Bradford reporter. (Towanda, Pa.) 1844-1884, January 30, 1862, Image 1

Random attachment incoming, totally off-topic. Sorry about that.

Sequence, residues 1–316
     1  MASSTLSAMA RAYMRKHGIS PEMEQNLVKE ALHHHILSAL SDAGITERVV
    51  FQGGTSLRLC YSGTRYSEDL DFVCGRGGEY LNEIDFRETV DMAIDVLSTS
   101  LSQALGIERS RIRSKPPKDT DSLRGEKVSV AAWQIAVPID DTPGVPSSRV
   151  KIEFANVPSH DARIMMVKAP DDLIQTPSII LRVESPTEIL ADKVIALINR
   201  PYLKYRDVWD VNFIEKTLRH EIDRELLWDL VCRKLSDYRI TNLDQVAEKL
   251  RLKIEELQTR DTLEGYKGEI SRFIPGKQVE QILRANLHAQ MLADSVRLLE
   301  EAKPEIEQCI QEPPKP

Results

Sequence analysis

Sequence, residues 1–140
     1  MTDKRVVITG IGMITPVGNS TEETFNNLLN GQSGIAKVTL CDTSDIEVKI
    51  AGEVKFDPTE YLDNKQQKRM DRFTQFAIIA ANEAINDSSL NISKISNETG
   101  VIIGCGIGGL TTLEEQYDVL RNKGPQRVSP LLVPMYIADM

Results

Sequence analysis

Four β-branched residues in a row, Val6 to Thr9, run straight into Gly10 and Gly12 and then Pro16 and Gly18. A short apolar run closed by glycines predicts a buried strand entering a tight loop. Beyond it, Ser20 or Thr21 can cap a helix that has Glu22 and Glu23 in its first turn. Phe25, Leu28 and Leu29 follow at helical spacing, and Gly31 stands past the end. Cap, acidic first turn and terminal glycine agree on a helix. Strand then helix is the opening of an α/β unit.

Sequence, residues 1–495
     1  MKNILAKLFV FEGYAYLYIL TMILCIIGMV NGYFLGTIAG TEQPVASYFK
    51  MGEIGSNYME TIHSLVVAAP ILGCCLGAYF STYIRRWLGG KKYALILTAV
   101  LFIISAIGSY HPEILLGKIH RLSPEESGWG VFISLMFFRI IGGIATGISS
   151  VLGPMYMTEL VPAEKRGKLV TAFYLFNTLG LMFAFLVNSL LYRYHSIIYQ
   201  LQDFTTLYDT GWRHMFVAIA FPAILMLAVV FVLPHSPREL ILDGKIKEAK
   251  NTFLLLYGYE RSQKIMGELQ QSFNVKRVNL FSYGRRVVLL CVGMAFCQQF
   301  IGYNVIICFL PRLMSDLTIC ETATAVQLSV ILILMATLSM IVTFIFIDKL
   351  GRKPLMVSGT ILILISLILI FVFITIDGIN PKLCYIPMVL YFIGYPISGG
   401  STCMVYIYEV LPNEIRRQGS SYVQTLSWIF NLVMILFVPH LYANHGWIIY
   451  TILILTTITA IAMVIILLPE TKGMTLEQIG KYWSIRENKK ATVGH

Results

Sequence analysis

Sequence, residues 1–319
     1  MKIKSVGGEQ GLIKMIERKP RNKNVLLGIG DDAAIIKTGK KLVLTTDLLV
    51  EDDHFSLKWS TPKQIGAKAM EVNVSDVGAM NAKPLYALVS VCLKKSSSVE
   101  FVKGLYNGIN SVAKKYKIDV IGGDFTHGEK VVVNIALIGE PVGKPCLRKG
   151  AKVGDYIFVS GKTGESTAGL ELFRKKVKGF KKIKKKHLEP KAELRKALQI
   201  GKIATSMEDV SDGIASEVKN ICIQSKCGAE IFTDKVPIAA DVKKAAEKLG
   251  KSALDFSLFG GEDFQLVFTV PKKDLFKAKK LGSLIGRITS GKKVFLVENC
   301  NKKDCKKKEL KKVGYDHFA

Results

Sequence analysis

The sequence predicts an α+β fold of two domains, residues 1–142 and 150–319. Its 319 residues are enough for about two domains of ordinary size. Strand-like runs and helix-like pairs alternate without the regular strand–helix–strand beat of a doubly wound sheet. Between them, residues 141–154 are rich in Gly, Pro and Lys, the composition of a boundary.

ONE D3LUW PER ANNUM INVARIABLY IN ADVANCE. TOAVAKDA : Thursday Morning, January 30,1862.^ Original lines to my sister. ,v S. ~. ,of s.v. Aimr. LB RV. p.-ar lister, breathe not a murmur, Though meet not again ; For I must stand by my country, AuJ its honor maintain. Mi the bright friendships once cherished, 1 have bid them adieu, To tight the rebels iu " Dixit, Aud Stctnion subdue. And" t><V" nO' heart n ™' mnm!ne9 When we speed to the iruy, Success shall crown our endeavors— I know for it you pray. We'll em stand by our banner, Aud all dangers we'll brave, Until wc break all the fetters That are forged for the slave. IJc.-ide Totomae's bright waters, Loud otir can,ions shall roar, Till the " OH Flag" of the Uni an, This whole nation doats o er. U'e'll boldly meet the assassins, Fearless stand by the right. And hurl the seaesh rebellion, To tbe darkest ol nig.it. We'll rend the yoke ot opprcssim, lis ibuscs restrain— In truth we will slumber, E'te vile traitors shall reign. And he who shrinks tro.n the - >.i liat, When ins country hath oesl. Should lie desp st-J by lii ■ kindred- I'e their curses his meed, ian 11 v.;uv .-Jin 11 11 •I . <flistflliuucrtis. (For the Bradford Reporter ) Science of Teaching- No. 1. The relation o; the te uthdr miy 1)3 consid ered a mixed oue. From early ages, parents have to a greater or less exteut, placed their children in charge of instructors. This prac tice steuis to have grown up in accordance with that general law upon which the division of labot is tounded. By it, the teacher for the tune assumes the authority and obligation ot the parent. Government is established to promote "the peace, safety and happiness" ot its membe-'s. As one means to insure this eurf, i: has established a system ot schools, atid r.'iv/L z d teaching as a profession. The teacher b iug iu its employ, may be regarded t> -n>:;:iu:ug the relatio i ot its ageut. Sustaining these relations, the obligations rising therefrom would sccni to require that lie make linn himself acquainted with all the Beans within his reach, which will aid him iu 'advancing the true interests aud high aims of liis employers The field of knowledge over which he 111 iv range with profit, iu search of matter for his purposes, is a wide one. We shall nut attempt to circam-cribe it, or classify materials, but rather to study some ol the more important and general laws and facts which should guide him in hi- instructions, and their influence upon the habits, opinions aud practice of pupiis in after life. Assuming thai flic laws and facts up on which the uit of teaching is', or ought to be founded, are worthy of the name of a science ; our first, inquiry is, where are they to be found?— IVtciers offering their services have, until Unite recently, been examined only in the sui euce- y i-s taught. But, do these determine tin- itieury or science of leaching I Science is I said to be knowledge systematized Knowl- I edge c.i -is's of facts, or relations. In the I unire of a simple fact, or relation, we find I wining to determine the time or manner of its I cooiuunicatiou. Indeed for aught we can see, I'twould make no difference whether we com- I aence at Cube toot, Alligation or Notation ; I" to one element of kuowledge is as simple as <:• o.hcr. Knowledge, or facts to become *b,really to an iudividual.must be perceived, tMbe comprehended. It would be folly to fctltrtake tj teach a pupiljitbe rules or scieuce graiuiar, who had no knowledge of language, 'totalk to him of colors of which be never W any perception. Hence, the best system of arrangement, or ; > w.::'.atiou of the elements of science, is that •liich tollows tn ist closely the order in which x:nd most successfully grusps tbein. 1 ft*l instruction should always he adapted *- '-fie degree ot advancement of the pupil, uo ! deny. Bjme pupils advance iu some a 9Raeut. of knowledge much more easily ra i v ■J than others. No teacher can have ,*f" l °h')Uee the fact, that there is a dif '; Ukc onural capacities of the tniuds j s- ; , !0t t | ie intelectual capacity j 1 ui ia the propensities, sensibilities and ' H these are to be regarded by tbe , "ia instructions, does it not follow j a - k^owledge of them is necessary to in- i • highest degree ol success ? j"'-'iOphers assert lha; every act of the in- j i Jil is preceded by an internal or mental , L - JW avcr this may be, our own experience j L;"totfJ that it is true of our own vol- j a aii that the internal act —as a 1 r..; 4 / ru "--'i'--:cruiiutis the external one. — E l^e (iterna ' ,U4n Wa y regarded not l to® executive, and defender of, but j L; ttmmuoieatKMi with the internal lit j'' 1 ' '' commonicatioa be injudicious defective, on the interna! action ruil ' rr ° r will result. Now it would seeai L starting of the laws of aetiou ■ ( -e -t .of th mind —of this inilu-| Bhl tx toiual uieaus, to_etber with a ( Iv. toe means of ascertaining its 1,, ; j 3 ' va ':ccineut and capacity,would great- I >1' 10 SUcceS! of the teacher. , ccnceive to be the science of teach- i ■\. ' sl °dy it the teu her need not travel Hit*.... COu " tr ß'S to examine collec ions of H, " ;e has ouiy to turu his attention H 1 Ur L'xk as it were tbe chambers of ■ i.. ~ } a sl Tl )! y of material. The fa prOj>cr cultivation of the in- ! tellcct,thc sensibilities,and propensities connect intimately as it is, with our peace, prosperity and happiness can scarcely be overrated. Our happiness depeuds far more upon the world within us than the one without. Man has al ways been inclined to attach too much relative importance to externals to make clean the outside of the platter, neglecting the inside, i Christ, the great teacher directed a large por ; tiou of his teachings to correction of this uni. | versal error He taught that, " Out of th heart proceed evil thoughts murders, Ac.—e Those passages found in Matthew, 1, I—s are full of philosophical truth, which will become more apparent, as we proceed iu our inves tigation. 0 J. C. ORWELL, Pa. Letter from Camp Barry. CAMP BAKRY, Washington, D. C.,Ja. 18,1862. E. O. GOODRICH, E-Q — Dear Sir : —Perhaps our Northern friends are so used to reading sensation announcements iu the New York papers, of great battles, splcpdid victories and successful Naval Expeditious, that I shall not be able to furnish a suitable " Morceau" for their m. rbid appetites. Occupying us we do, only a place iu the Reserve Artillery uuder Gen. Barry, we have uot seen any blood yet, but we have heard the cannons thunder aud smelt the smoke of powder—aud as we have orders to hold ourselves iu constant readiness to march, aud every four gun Battery of the reserve has to keep ou hand four hundred rounds of ammunition, shot aud shells, we think you will sooa have the satisfaction of announcing to the readers of the Reporter, a successful "On to Richmond." The cloud of inaction begins to break away, and the Army of the Potomac will sooa become as grand iu briliiant achievements as it now is iu numbers. Congress, ac its commencement, has taken a step in the right direction—that of confiscating the property ot rebels We think it is high time stveaal policies iu this war was played out, especially that ot fighting the rebels, and at the same time holiliug ttieir property to be so sacred that our troops must watch over and protect it; and also that of setting at liberty a large portion of tbe rebels that fall into the hands of our troops, ou tneir parols of honor, and oaths of allegiance, when ttiey bad already forfeited both by taking up arms agaiust the Government. If we are to treat these rebels as friends aud brothers, why not tpru over the Jovernment to them at once, and trust to their filial affection, their generosity and sense !of honor, to do us justice. We have dallied I long enough with this rebellion if wenregoiug Ito fight it down. Determined aud energetic : action on our part can soon accomplish the deed. It is not an exotic but an indigeuous plant and mu-t lie dug up by the roots; lopping off a few excresent branches will uot answer. If we would be successful we must carry the war into 44 Africa," confiscate the property of these | rebels, for when we touch their " niggers" we j reach their souls, and send the dagger home jto liieir hearts—"not that we love 'our South -1 ern brother less, but our " country more."— Earnest aud determined efforts on the part of our Generals will soon extinguish the lust lingering hope ot the Conlederate States.— Tbtir prospects are waning very fast. The blockade at Acqua Creek is run almost daily, and the rebels have concluded that it does not pay to waste their powder on our oyster boats, as they pass up and down the Potomac. Day before yesterday the Peusacola passed their great batteries without receiving any injury, though sixteen shots from their heaviest gnus ' were fired at her. It is the opinion of military men here, that a general battle cannot be kept off much longer. Four Batteries of the Re serve Artillery are under marching orders now; ! and iu a couple of days they will leave the mortar beds they have been mixing on Capi tal Hill (the mud here has been from fonr to six inches deep for the last month,) and will consecrate themselves by treading the sacred : soil of the " Okl Dominion." We will all have to leave here shortly, for wood aud hay are getting to be scarce articles. Wood is worth from eight to twelve dollars per cord, and bav, from thirty five to forty dollars per ton. All the fences ar.uud here have been burned up, and, eveu straw has been used up so that it is now fetching eighteen dollars per tori. Respectfully, X. L. RrciMESTAL Riv.u.ry — lt is related that a rivalry exists between two regiments en camped on the Potomac, which is sometimes carried to the most absurd extremes. As an . iustauce of this, it is stated that on one occas- j sion the Colonel of one of the regiments was waited on by a zealous chaplain who wished i to promote the religious interests of the regi-, ment. The chaplain was politely received aud j beckoned to a seat on a chest. " Colouel,'' said he elevating his eyebrows, 44 you bave one of the finest regimeuts in the army." " I think so," replied the Colonel. " Do you think yon pay sufficient attention to the religious instructions of your meu ?" " Well, I don't know," replied the Colo nel. " A lively interest has been awekened in the regiment ! the Lord has blessed the la bors of his servauts, aud teu men bave been baptized." [This was the rival regimen ] "Is that to. 'pou honor V asked the Co louel. " Yes, sir." " Sergeant," said the Colonel to an attend ing Orderly, " have tifteeu men detailed im mediately to be baptised. 1 II be daotued if they shall get ahead of us any way." The chaplain made a uote of the interview, and retired. A POSER.—Take for granted that the rail road tram is going at the speed with which a cannon ball fired from a caunou would. Then suppose the cannon on the train, and fire from the car in opposite direction to that in which the traia is moving, where would the ball fall. _ It is less pain to learu iu youth thau to be ignorant iu age. PUBLISHED EVERY THURSDAY AT TOWANDA, BRADFORD COUNTY, PA,, BY E. 0. GOODRICH. A Long Story Briefly Told. There was a certain kiug, who, like many Eastern Kings, was very foud of hearing sto ries told. To this amusement he gave up all his time ; but yet was never satisfied. The exer tious of all his courtiers were in vain. He at last, made a proclamation, that if Hoy mau should tell him a story thai should last for ever he would make him his heir, and give him the princess, his daughter, in marriage ; but if any oue should pretend he had such a story but should fail—that is, if the story (did come to an end, he was to have his head chop ped off. For such a price as a beautiful princess and a kingdom, many candidates appeared ; and dreadfully long stories some of them told.— Some lasted a week, some a month, some six months. Poor fellows ! they all spun them out as long as they could ; but in vain.— Sooner or later they all came to an eud, aud, oue after another, the uu'ucky story tellers had their heads chopped off. At last came a mau who said he bad a sto ry that would last forever,if his majesty would be pleased to give hiip a trial. lie was warned of his danger ; they told him how inauy others had tried, and lost their heads ; but he said he was not afraid, and so he was brought before the king. He was a man of a very composed and deliberate way of speak iug, aud after makjng all requisite stipulations for time for his eating, drinking aud sleeping, he thus begau his story : " Oh, king ! there was ouce a king who was a great tyraut. Aud desiring to increase his riches, he seized upon all the corn aud grain in his kingdom, and put it in an immense gran ary, which was built ofl purpose, as h'gh as a mountain. " This he did for several years,'till the gran ary was quite full up to the top. He than stopped up doors and windows, and closed it up on all sides. " But the bricklayers had ;by accident left a very small bole near the top of the granary. And there came a flight of locusts, and tried to get all the corn ; but the hole was so small that only one locust could pass through at a time. So one locust went in aud carried of one grain of corn, and than an other locust went in aud carried off another grain of corn, aud then another locust went in and carried off another grain of corn, and then another locust went in and carried off an other grain of corn, and then another locust went in and carried off another grain of corn, and then another locust went iu and carried off another grain of corn. He had gone on thus from morning till night except when he was engaged at meals, for about a month,when the k:ntr, though a very patient king, began to be a little tired of the locusts, and interrupted Lis story with— " Well, well, we have heard enough of the locusts, we will suppose that they have helped themselves to all the corn that they wanted. Tell us what happened afterward." To which the story teller answered very de liberately : " If it pleases your majesty, it is impossible to tell what happened afterward before I have told yon what happened first." And then he went on again— " And then a loenst went in and carried off another grain of corn, and then another locust went in and carried off another grain cf corn, and then another loenst went in and carried off another grain of corn." The kiug listened with unconquerable pa tience for six months more, when he again in terrupted him with, " Oh, friend, I am weary of your locusts ! How soon do you think you will have done ?" To which the story teller made answer— " 01), king, who can tell, at the time to which my story has come, the locusts have cleared away a small place, it may be a cubit, each way round the inside of the hole, and the air is still dark with locusts on ail sides. But let the king have patience, and no doubt we shall come to the eud of them in time. Thus encouraged, the king listened for an other full year, the story teller goiug yu still as before— "An then another locust went in and car ried off another grain of corn, and then anoth er locust went in and carried off another grain of com, and then another locust went in and carried off another grain of corn, and then an other locust went and carried oil another grain of com," till at last the poor king could hear it no longer and cried out — "Oh, man,that is enough ! Take my daugh ter ! Take my kingdom ! take my everything, everything ; only let me hear no more of your abominable locusts !" And so the story teller was married to the king's daughter, and was declared heir to the throne, aud nobody ever expressed a wish to hear the rest of bis story, for he said it was impossible to come to the other part of it till he had done withjthe locusts. The unreasonable capriece of the foolish king was thus over matched by the ingenious device of this wise mau. ftp- Two poor fellows were picked up in Washington the other day sick, au order was procured foi their admittance to the Seminary Hospital, and an ambulance to convey them. The order was given to the driver, who read it, and drove straight to the Cemetry. He stops at the lodge. " Where are these to go?" " Got an order ?" " Yes." How many are there ?" "Two " " All right, I'll show yon," says the lodge keeper, and walks on, the am bulance following, till he came to two freshly opened graves. " Back around there." Dri ver does so —tail board over the graves. The Sexton lifts the curtain, aud a soldier sits np and looks out. " What in thunder is this ? I ain't dead yet by a long shot." ;>vy- Our customs and habits are like the ruts in roads. The wheels of life settles into them, and we jog along through tbe mire, be cause it is too much trouble to get out of them. " REGARDLESS OF DENUNCIATION FROM ANY QUARTER." IP olilira 1. Taxation of Railroads art Canals of the State. SPEECH OF SENATOR LAN DON. In the Senate,on Friday,the 17th iost., Hon. GEO. LANDON submitted the followiug resolu tion:— Resolved, That the Committee on Finance be, aud they are hereby iustruoted to report a bill, to the Senate imposing a tonnage and passenger tax on all the cauals and railroads in the State. The resolution was twice read. Mr. LANDON. I offered that resolution, Mr. Speaker, in good faith. I have no sym pathy with any effort for buncombe on a subject of so much importance. I want it understood, i sir, that I have submitted the proposition of the resolution in entire good faith. Ido not propose to discuss its merits at this time, bat I wish to make a remark in explanation. If the Committee on Fiuance shall report a bill, as tbe resolution suggests, then when that bill comes up, the subject being open to full dis cussion will be properly handled. The truth is, sir, as we all know, onr Gov ernment is just now subject to extraordinary expenses. Well, sir, extraordinary emergen cies always demand extraordinary efforts to meet them. The expenses of our National Governmen, as we are all aware, are same two million dollars per day; and any man who is a sufficiently experienced mathematician may figure up what the annual expense will be, or what the expenditure for two years will amount to. And if expenses are incurred, expenses must be provided for. Pennsylvania has got to bear her burden of these expenses, and of course j must make provisiou to meet her liabilities. We desire to see tbe war in which we are engaged—though I do uot wish to launch out ! iuto a retrospect of that question—we desire to see the war prosecuted with euergy; we are all heartily tired of this cry at midnight and at noon, that comes from every picket guard : " all quiet on the Potomac." I, for oue, sir, am heartily tired of that cry. But while we demand energy on the part of the army—OD the part of the Government, we must remem ber that finances are the sinews of war. It is just as necessary to have a fall treasury as a full army. It is as essential to have our finan cial credit unquestioned as it is to have the heroism of our troops undoubted. But, Mr. Speaker, you cannot meet expenditures by filling a treasury with worthlsss paper. You may trace the expenses of Government in any direction, or follow them bftck to their Issue, and those expenses will come at last upon the people—will come to this principle of direct taxation. In order to keep good the credit of the Government, in order to keep inviolate our State credit aud in order to show to the wide world that we are in earnest, that we are hound to provide means lor the prosccntion of tbe war in which we are engo god,we must take early measures and substantial —not fictitious —measures, that shall form a basis, a sub stratum upon which may rest all the financial measures of the Government. I hope, Mr. Speaker, that every dollar of rebel property, that every square rod of rebel land, that every item of rebel substance —I hope, sir, in the name of God, that all these may be confiscat ed, couverted iuto a circulating medium, and that medium applied to the liquidation of the necessary expeuses of the war. I want you to understand, sir, to day aud duriDg the rest of the session, that such is my position; but we canuot do that now. You must catch your fish before you fry thim. We have got to put the hook into the Leviathan's mouth before we can draw him out aud dispatch him. But I hope the time will come when a confiscated revenue will be applied to the liquidation of the expenses necessarily incurred in this war.— Now, the question arises " how shall we raise the money necessary to meet those expenses." Why, you have a board of revenue commis sioners who I believe, are looking over and itemizing the* property of the entire State, aud no doubt but they will report a proposition to make everything taxable, from a man's silver plate ou his table to his south-down 6beep that roam on the hill-side; everything from a calf to railroad stoek is to be made taxable. 1 But I find no fault with that; extraordinary times demand an extraordinary basis; aud a system of taxation that would be objection- ; able and provoke the country almost to rebel- , lion at one time, that system of taxation may ' be wholly necessary at another. It is uot always pleasant to be poor,but as far as there may be 1 any pleasure iu it, I enjoy it; but as poor as I am, I am ready to be taxed oue-haif of my worth to sustain the Government and the country. If that is not euougb, then take the other half—the country first, the couutry for ever! Maintain it at all hazards and at all expense 1 Now, while the people iu all their interests are to be taxed, as I understand such will be the report, and it no doubt will be, 1 look around at these internal improvements and the qaestson aries in my mind, "can we uot increase our revenues ou them, justly aud with propriety. A word upou that subject aud 1 will pause. If a proposition was made this day or any day duriug this session to up hold the passage ot a passenger or tonuage tax upon any railroad or public avenue of travel in Pennsylvania, while other such roads and avenues were to be exempt therefrom, I should vote agaiust it. Ido not believe iu laying an embargo upon one porliou of the commerce of the Commonwealth aud leaving the remainder exempt. 1 object to taxing one thoroughfare aud leaving others clear of such taxation. But if we put a passeuger or tonuage tax upon every hue, let it not be too high; let it be con ceived iu wisdom and executed in justice; and if we impose it upon every line, we treat them ail alike. I would not have a bill reported imposing a perpetual tax. Let it be imposed, tor two, three or five years: until we can real ize from this aud other sources, the uecessary revenues to meet our necessary expenses aud deliuquincies. You understand me now, irj? Whenever a proposition is made to lay a tax upou one line of improvement to the exemp tion of a similar one, I will vote against it.— In common times when you propose to shackle the commerce of Pennsylvania, to impose a tax upon the passengers and tonnege of all roads—in ordinary times, I shall not vote against it. I mean this: we should lay such an imposition upou the whole and not partially; and now, in extraordinary times, we shall re alize from such a source a vast income. And here is another thought in connection with this matter. The business of our rail roads in conseqaence of the war has almost doubled. The tonnage carried is almost as much again, at least vastly increased. Out of this result should come a benefit to the gov ernment. If the war increases their business, they can afford to be subject to a little extra expense in order to meet the exigencies of the country, in support of that war. While you impose an extraordinary tax upon individual property to meet individual emergencies, it is but just and eqitable that organized systems of wealth should be subject to tbe same taxa tion to meet the same great issues. When peace, with her sunshine and her blessings shall again return to us—when these unwar ranted expenditures shall have ceased, then this extraordinary taxation can and should be removed both from the individual aud corpora tion. I assare you, by the by, sir, that I par take of none of that narrow, miserable preju dice against associated capital aud enterprise, a prejudice that corrodes the hearts and over clouds the whole mental horizon of some meu. These associatiaDS bave contributed largely to the glory and development of the country in times of peace, and they should and will con tribute their full quota for the maintenance of that country now that the terrors of war are upon ns. These considerations have induced me to offer the present resolution. I ask the wise and judicious committee on Finance to take into consideration the propriety of report ing a bill embodying the whole subject. Mr. BENSON. I doubt not the Commit tee ou Finance will uave no disposition to shrink any responsibility which the Senate may impose upon tbcm, but it seem 3 to me that a peremptory demand upon that commit tee to report a bill without sufficient consider ation, is in uo wise required. I will inform the Senator from Bradford, that the subjects of which he has spokeu are now under considera tion. The Governor, same time since, appoint ed Revenue Commissioners—able gentlemen of the Commonwealth —aod those commission ers, in connection with the Committee on Ways and Means of the Honst, and the Fi nance Committee of the Senate, have already had one interview; aud the subject of taxation is now under consideration by that commission in connection with those committees. Another meeting will take place, and the design is to have a report made, and then upon that re- ; port a bill to be framed, covering all these , subjects of taxatioQ. I trust that the Senate . will not issue a peremptory order for the Com ; mittee on Finance to go to work immediately and draw np a bill to be reported to this body, j That matter is now under investigation. Those commissioners have been appointed for the . identical purpose of equalizing taxation, and its proper imposition throughout the Common wealth, and are well prepared with thel help of the committees of both branches to digest a bill. I can see no propriety in the passage of ! this resolution. I Mr. LANDON. I have already gained one very importaut object iu offering that resolu tion. I bave learned, and the Senate has also learned, what has been done in regard to the matter. Now, Ido not wish to be considered peremptory unless such a course may be neces sary. No man respects the Committee on Fi nance more than I do. Is the chairman of that committee, (Mr. Benson,) to be understood as [ asserting that the Committee on Finance will ! report iu favor of the suggestion of taxiug cor porations? Mr. BENSON. It is understood that the subjeet was laid before the two committees of the Senate and House, and the is to impose a tax upon corporations, adjusted iu some eqnitable and proper manner. Mr. LANDON. Then I will amend my resolution, aud in lieu of "instructing the com mittee to report," merely specify that they ' be instructed to inquire into expediency of such a measure." We will leave the disposi tion of the matter in their hands. Mr. PENNEY stated that a bill for rais ing revenue could not legally be originated in tbe Senate. Mr. LANDON. We can make the sub ject a matter of inquiry, Mr. Speaker. M. SMITH, (Philadelphia,) coincided in the opinion that a revenue measure could be originated ouly in the co-ordiuate branch. The amendment of Mr. Laudou was agrfced to and the resolution, as amended, was read as follows: Resolved, That the Committee on Finance be, and they are hereby instructed to inquire Into the expediency of imposing a tonnage and passenger tax upon all the canals and railroads iu the State, to report by .bill or otherwise. The resolution was then adopted. MAKING A NEEDLE.—Needles are made of steel wire. The wires is first cnt by shears, from coites, into the length of the needles to be made. After a batch of such bits of wire have been cut off, tbey are placed in a hot furnace, theH takeu out and rolled backward and forward on a table until they are straight. They are now to bo ground. The needle pointer takes up two doiin or so of the wires aud roils them betweeu his thumb and fin gers, with their ends ou the griudstoae, first one and then the other. Next is a machine which flattens and gutters tbe beads of ten thousand needles in an hour. Next comes the punching of the eyes, done by a boy so fast that the eye can hardly keep pace with bim. The splitting follows ; which is runuiug a fine wire through a dozen perhaps, of these twiu needles. A woman, wtth a little anvil betore her, files betweeu the heads, and separates them. They are now complet needles, but they arc rough aud ru.-tv, and easily bend.— The hardening comes uext. They are heated VOL. XXII. —NO. 35. in batches in a furnace, and when red hot are thrown into a pan of cold water. Next they mast be tempered, and this is done by rolling them backward and forward on a hot metal plate. The polishing still] re mains to be done. On a very coarse cloth needles are spread to the amount of forty or fifty thousand. Eme ry dust is strewn over them, oil is sprinkled and soft soap daubed over, the cloth is rolled hard up, and, with several others of the same kind thrown into a sort of wash pot to roll to and fro for twelve hours or more. They come out dirty euough ; but after a rinsing in clean hot water, and tossing in sawdust,they become bright, aud are ready to be sorted adit put up for sale. Picketing. While on my lonely beat about an hour ago, a light tread attracted my attention, and on looking up 1 beheld one of Secesh's pickets standing before me. " Stranger," says he, " you remind me of my grandmother who expired before I was I born, but this unnatural war has made QS en emies, aud I must shoot you. Give me a chaw ' of terbacker." He was a young man, my boy, in the prima of life, and decended from the First Families of Virginia. That is to say, bis mother was a Virgin. A? least that is what I understood by the term Frst Families of Virginia. I looked at him, and says I—" Let's com i promise, my brother." " Never," says he, " the South is fightiDg , for her liberty, her firesides, and the pursuit l of happiness, aud I desire most respectfully | to welcome you with bloody hands to a hospi j table grave " " Stand off ten paces," says I, "and let's see whose name will come before the coroner ! first 1" He took his place, and we fired simultane ously. I heard a ball go whistliug by a barn about a quarter of a mile on my right ; and when the smoke cleared away I saw the Secesh picket approaching me with an awfal expres sion of woe upon his otherwise dirty counte nance. " Soldier," says he, " was there aDythiDg in my head before yon fired ?" " Nothing," says I, " save a few' harmless insects." " I speak not of them," says be. " Was there anything inside of my head ?" " Nothing," says I. " Well," says he, " just listen now. 1 ' He shook his head mournfully, and I heard something rattle in it. " What's that ?" I exclaimed. " That, "said he, " is your bullet, which has penetrated my sknll, and is rolling round in my brain. I die happy, and with an empty stomach ; but there is one thiDg I should like to see before I perish for my country. Have yon a quarter about you ?" Too much affected to speak, I drew the coin from my pocket and handed it to him. The dying man clutched it convulsively, aud stared at it feverishly. " This," said he, " is the first quarter I've seen siuce the fall of Sumter : and had I wounded yon I should have been totally nnable to have given you any quarter. Ah I how beautiful it is! bow bright, how exquisite, and good for four driuks ! But I have not time to say all I feel." The expiriog soldier then laid down his gnn, hung his cap and overcoat on a branch of a tree, and blew his nose. He then died.! Aud there I stood, my boy, on that lonely beat, looking down upon that fallen type of mauhood, and thinking how siognlar it was that be had forgotten to give me back my qnarter. The sight and the thought so affected me that I was obliged to tarn my back on the corpse and walk a little away from it. When 1 returned to the spot the body was gone ! Had it gone to heaven ? Perhaps so, my boy—perhaps ; but I have not seen my quarter since. B6&* A member of the Indiana 20th Regi ment now encamped near Fortress Monroe writes to the Indianapolis Journal on the 23d: Yesterday morning, Gen. Mansfield, with Drake de Kay, Aid-deCamp, in command of seven companies of the Twentieth New York Germau Ritl-s, left Newport News on arecon noisance. Just after passing Newmarket Bridge, seven miles from camp, they detached one company as an advance, and soon after their advance was attacked by s:x hundred of the enemies cavalry. The company formed to receive cavalry, but the cavalry advauciug deployed to the right aud left when withiu musket range, and un masked a body of seven hunred negro infantry, all armed with muskets, who opened fire on our men, wounding two lieutenants and two privates, and rushiug forward surrounded the company of Germans who cut their way through, kill'mg six of the negroes and wound ing several more. The main body, hearing tho firiug, advanced at a double-quick in time to recover their wounded aud drive the enemy back but did not succeed iu taking any prisou ers. The woauded useu testify positively that they were shot by negroes, and that not less than seven hundred were present armed with muskets. This is, iudeed, a new feature in the war. We have heard of a regiment of negroes at Mauassas.and another at Memphis, and still another at New Orleans, but did not believe it till it came so near borne and attacked our men. Three is no mistake abont it. The 20th German were actually attacked and fired on aud wounded by negroes. It is time that this thing was understood and if they fight us with negroes, why sbou'd not we fight them with negroes too? We hare disbelieved these reports too long, and now let us fight the devil with fire. The feeling is in tense among the men. They want to know if they came here to fight negroes, and if they did they want to know it. The woanded men *wear they will kill any negro they see, so ex cited are they at the dastardly act. It re mains to lie seeu how long the Government will now hesitate, wheu they learn these fact*.